On 11 December 2019, the Intellectual Property division of the Supreme People’s Court (SPC) published its highly anticipated decision on the Plant Variety Rights (PVR) infringement case of Cai Xin Guang (Appellant) vs. Guangzhou Runping Company Limited (Defendant).
This case raised the untested question whether PVR covers material harvested from propagating material offered for sale for final consumption.
The Appellant is the holder of PVR in the pomelo variety San Hong (三红蜜柚 variety). The Appellant discovered that its variety was being extensively propagated and grown by farmers, and also that the Defendant (trading as RT-Mart) was retailing fruit of the San Hong variety in its supermarkets on a large scale. The Appellant chose to initiate action for PVR infringement directly against the Defendant retailer rather than against many small farmers across an extensive area, which would have been expensive and time-consuming.
The Guangzhou Intellectual Property Court dismissed the Appellant's claim in March 2019. On 11 December 2019 the SPC dismissed the appeal. This is disappointing for breeders who want to see PVR protection extended to the fruits of harvest - although regulations proposed this year (see What next? below) include protection for harvested material.
However, the judgment significantly clarifies the scope of PVR in China, which is a welcome development for the industry. It also demonstrates a high level of commitment being brought to bear in providing judicial guidance for PVR in China - the panel of SPC judges engaged extensively with experts in coming to their decision, with the judgment undergoing 16 revisions.
The arguments and Court's reasoning
The SPC bench consisted of Deputy Chief Judge Zhou Xiang, as the Presiding Judge, Judge Luo Xia and Judge Jiao Yan.
The key question before the Court was whether the San Hong pomelo fruit sold in the Defendant’s supermarkets constituted “propagating material”, propagating material being the limits of the scope of protection under China's current PVR Regulations.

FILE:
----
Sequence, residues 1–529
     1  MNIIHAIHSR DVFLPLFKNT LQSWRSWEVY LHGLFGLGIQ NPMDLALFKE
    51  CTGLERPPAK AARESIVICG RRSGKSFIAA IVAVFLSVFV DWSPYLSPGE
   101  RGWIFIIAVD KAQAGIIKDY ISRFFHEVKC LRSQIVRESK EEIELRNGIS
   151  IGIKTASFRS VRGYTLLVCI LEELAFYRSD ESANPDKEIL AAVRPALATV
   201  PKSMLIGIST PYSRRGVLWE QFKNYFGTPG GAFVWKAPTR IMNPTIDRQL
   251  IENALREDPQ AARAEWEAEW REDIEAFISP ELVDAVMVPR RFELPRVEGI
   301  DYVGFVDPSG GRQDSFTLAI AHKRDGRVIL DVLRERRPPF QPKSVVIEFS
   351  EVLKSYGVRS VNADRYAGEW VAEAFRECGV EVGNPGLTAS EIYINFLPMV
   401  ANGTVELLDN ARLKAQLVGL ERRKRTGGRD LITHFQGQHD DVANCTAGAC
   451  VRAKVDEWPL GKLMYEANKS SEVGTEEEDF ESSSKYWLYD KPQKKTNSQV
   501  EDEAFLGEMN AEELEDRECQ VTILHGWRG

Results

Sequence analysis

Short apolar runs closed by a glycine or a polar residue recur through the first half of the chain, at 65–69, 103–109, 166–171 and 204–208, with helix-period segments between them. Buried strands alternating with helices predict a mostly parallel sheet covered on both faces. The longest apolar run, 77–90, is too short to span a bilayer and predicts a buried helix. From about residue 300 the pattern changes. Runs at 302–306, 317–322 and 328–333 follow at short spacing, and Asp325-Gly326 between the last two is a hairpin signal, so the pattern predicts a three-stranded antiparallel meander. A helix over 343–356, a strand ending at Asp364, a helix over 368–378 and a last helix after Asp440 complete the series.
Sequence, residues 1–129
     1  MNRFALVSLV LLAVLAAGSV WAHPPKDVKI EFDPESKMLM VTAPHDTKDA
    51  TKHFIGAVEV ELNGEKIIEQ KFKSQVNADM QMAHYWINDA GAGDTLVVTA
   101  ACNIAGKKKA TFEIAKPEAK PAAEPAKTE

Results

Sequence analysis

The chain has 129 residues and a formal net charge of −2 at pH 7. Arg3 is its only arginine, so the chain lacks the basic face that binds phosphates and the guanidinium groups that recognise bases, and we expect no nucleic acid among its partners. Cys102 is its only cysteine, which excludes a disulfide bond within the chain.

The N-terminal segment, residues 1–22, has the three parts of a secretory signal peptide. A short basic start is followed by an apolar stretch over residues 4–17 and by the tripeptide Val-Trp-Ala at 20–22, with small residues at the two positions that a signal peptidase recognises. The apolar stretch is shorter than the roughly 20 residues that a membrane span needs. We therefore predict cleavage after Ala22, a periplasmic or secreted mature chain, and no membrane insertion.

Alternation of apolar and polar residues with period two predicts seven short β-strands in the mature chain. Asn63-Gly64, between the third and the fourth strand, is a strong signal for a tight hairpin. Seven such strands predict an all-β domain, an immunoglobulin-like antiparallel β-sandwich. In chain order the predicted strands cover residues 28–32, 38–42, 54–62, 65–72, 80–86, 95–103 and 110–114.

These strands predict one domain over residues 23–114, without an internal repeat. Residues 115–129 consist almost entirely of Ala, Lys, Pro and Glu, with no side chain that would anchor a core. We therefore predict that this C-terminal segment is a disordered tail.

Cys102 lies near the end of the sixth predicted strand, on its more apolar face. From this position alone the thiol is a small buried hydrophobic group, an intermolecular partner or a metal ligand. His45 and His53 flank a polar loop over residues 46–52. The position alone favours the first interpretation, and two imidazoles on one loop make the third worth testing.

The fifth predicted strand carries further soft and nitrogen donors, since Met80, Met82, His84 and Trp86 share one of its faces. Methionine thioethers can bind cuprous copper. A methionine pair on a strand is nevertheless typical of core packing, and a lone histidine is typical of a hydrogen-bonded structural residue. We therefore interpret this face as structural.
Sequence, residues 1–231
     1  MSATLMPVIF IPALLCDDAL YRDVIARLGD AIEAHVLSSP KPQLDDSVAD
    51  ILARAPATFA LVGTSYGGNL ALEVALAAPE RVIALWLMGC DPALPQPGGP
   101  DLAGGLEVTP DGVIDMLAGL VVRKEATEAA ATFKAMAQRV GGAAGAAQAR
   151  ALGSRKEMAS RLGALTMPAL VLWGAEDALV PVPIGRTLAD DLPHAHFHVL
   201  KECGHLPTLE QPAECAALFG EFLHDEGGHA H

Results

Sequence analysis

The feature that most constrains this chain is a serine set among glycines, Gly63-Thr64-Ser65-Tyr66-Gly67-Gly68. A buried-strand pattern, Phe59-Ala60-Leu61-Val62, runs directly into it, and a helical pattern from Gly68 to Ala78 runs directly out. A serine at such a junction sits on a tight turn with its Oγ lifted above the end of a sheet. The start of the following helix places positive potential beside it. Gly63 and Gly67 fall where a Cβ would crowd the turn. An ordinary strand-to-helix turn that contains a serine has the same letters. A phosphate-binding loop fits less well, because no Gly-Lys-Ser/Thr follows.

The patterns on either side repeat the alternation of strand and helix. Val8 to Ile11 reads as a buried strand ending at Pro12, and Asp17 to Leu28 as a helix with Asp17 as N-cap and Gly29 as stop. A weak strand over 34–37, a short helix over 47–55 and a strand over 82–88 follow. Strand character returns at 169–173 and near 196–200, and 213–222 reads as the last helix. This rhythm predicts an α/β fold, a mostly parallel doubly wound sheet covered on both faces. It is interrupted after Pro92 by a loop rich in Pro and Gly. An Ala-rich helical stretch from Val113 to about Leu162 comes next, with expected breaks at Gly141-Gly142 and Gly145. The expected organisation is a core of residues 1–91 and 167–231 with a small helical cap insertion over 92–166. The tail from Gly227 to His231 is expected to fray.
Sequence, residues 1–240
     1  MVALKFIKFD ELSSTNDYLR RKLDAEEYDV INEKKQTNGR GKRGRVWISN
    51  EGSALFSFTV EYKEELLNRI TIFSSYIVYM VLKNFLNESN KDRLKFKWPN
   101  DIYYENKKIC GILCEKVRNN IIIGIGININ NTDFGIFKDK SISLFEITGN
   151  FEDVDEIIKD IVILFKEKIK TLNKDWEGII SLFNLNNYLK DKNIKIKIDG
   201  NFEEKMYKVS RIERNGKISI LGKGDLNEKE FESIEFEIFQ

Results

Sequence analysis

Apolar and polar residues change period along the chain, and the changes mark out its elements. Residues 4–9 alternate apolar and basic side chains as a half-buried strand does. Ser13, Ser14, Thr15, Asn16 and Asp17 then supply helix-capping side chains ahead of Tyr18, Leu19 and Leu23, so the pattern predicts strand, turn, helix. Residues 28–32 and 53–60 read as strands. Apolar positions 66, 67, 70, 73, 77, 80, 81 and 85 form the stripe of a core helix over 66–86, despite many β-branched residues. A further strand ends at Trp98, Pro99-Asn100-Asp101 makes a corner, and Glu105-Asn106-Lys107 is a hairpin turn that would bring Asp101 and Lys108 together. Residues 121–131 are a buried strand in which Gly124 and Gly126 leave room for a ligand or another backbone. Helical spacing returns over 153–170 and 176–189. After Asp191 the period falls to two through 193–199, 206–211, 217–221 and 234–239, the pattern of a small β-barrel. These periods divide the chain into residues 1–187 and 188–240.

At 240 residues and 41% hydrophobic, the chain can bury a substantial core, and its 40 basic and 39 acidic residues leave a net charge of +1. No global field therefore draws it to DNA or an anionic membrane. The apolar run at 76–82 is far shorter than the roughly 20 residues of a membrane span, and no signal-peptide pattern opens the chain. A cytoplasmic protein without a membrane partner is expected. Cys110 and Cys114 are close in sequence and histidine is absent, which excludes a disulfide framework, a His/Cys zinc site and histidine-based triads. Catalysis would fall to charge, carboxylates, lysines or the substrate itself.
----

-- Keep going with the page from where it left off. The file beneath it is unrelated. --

The Court noted the scope of the right in China, being confined to certain acts performed in relation to propagating material, namely sales, production, propagation and the repeated use in the production of another variety for commercial purposes.
The Court further noted the definition of propagating material under Article 5 of the Implementing Rules (Agricultural Part) being planting or propagating material or another part of the plant that can be used to propagate a plant, including seeds, fruit, roots, stems, seedlings, buds, leaves, etc.
The Appellant argued that, although the San Hong Pomelo is usually propagated through the grafting method, the tree stem and buds, the fruit stem, the juice vesicles, explants, etc. can be used to carry out propagation through tissue cultivation technology. The Appellant claimed that these items are "part of the fruit", and "can be used to propagate a plant" and therefore fall within the definition of propagating material.
The Court referred to the provision on propagating material extracted above, as well as under other laws and regulations, and concluded that these provisions only list types of propagating material, and do not clearly determine how to judge when material will be propagating material. On this basis, the Court determined that the Appellant’s claim lacked legal basis.